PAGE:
A report published by the Centre for Cities think tank examining the challenges posed by the speed of city centre development has recommended that cities be allowed to exclude their centres from Permitted Development Rights conversions.
The recommendation comes along with a call for controlled green belt development as the Centre suggested regional leaders needed more ability to control policy following a 20-year spell of rapid growth.
The City Space Race report warns that too much office-to-residential conversion – a coalition government policy fully adopted in 2015 – could damage continued job creation.
Although less taxing in Manchester, where take-up and rental levels have sustained a market where office owners have less need to consider changes of use, this is an issue that has aroused some concerns in Liverpool, where several large buildings in the traditional office core around Old Hall Street have been converted. Delph Property paid £9.6m for Orleans House in 2016, taking on plans for a 71-unit PRS scheme.
Over the period studied, Manchester has seen the highest combination of jobs and residential growth in central areas, followed by Leeds, Birmingham and Liverpool.
The city centre populations of these cities all grew more than 6.5 times faster than that of London’s between 2002 and 2015, with the towns and cities of the South East, not needing to adapt to a post-heavy industry economy, experiencing less rapid change.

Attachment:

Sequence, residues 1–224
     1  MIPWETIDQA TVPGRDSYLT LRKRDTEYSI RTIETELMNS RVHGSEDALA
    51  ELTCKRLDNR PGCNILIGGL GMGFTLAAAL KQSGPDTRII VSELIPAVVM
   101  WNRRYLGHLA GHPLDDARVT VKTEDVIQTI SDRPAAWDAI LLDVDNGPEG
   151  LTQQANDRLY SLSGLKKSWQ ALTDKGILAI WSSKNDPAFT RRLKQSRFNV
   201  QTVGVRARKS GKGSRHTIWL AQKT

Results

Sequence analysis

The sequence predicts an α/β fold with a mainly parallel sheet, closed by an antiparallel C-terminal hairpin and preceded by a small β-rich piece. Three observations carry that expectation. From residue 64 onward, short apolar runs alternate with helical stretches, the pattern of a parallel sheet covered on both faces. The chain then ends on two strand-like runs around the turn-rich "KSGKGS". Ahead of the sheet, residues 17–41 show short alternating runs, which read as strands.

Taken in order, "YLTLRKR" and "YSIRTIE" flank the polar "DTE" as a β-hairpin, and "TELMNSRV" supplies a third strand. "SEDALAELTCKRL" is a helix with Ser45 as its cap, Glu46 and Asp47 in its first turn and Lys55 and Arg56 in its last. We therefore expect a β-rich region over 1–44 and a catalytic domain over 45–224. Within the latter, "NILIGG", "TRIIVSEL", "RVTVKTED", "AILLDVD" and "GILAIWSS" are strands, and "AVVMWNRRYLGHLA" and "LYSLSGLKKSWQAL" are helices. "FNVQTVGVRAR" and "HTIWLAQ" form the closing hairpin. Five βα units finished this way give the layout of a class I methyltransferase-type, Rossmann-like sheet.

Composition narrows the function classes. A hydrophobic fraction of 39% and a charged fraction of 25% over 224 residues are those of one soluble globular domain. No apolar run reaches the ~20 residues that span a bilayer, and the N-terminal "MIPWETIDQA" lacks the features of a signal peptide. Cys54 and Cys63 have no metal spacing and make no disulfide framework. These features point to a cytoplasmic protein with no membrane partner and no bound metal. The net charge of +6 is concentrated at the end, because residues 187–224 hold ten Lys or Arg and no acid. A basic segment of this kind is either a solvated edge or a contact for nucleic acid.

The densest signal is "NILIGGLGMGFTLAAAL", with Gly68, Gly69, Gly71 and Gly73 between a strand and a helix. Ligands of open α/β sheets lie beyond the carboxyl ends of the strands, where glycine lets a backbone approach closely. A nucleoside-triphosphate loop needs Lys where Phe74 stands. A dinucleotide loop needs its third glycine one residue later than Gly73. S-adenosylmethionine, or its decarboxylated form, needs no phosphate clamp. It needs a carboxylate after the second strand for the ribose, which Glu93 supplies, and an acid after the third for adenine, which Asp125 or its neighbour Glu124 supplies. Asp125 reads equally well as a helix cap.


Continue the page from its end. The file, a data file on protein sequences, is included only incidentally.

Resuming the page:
Jobs growth in Manchester city centre outpaced all other cities in England and Wales, including that of London, while in Liverpool, the city centre population grew more than eight times faster than growth in London between 2002 and 2015.
Andrew Carter, chief executive of Centre for Cities, said: “Thirty years ago the centres of Manchester and Liverpool were run-down and struggling, but since then have undergone dramatic transformation.
“This urban renaissance has brought opportunities for people living across the cities and surrounding areas, and it’s vital that it continues. But for that to happen, local leaders need to take tough decisions on how to sustain the growth of the commercial centre, while also providing the homes that people need.”
Carter continued: “Public debate on these questions has rightly focused on housing issues in the city. But addressing these problems shouldn’t come at the expense of city centre commercial space, which will be vital in bringing more businesses, jobs and opportunities in the future.
“Reforming planning laws to protect the commercial heart of the city – and to encourage more housebuilding in other areas – will help Manchester and Liverpool to manage these competing demands, and to continue to prosper in future.”
The report was sponsored by law firm DAC Beachcroft. The firm’s head of planning Christopher Stanwell said: “The report captures the essence of competing dynamics in our city centres.
“Solutions lie in sophisticated, collaborative responses that recognise the different patterns of use in different cities and that not all green belt is equal. Variable situations require flexible approaches.”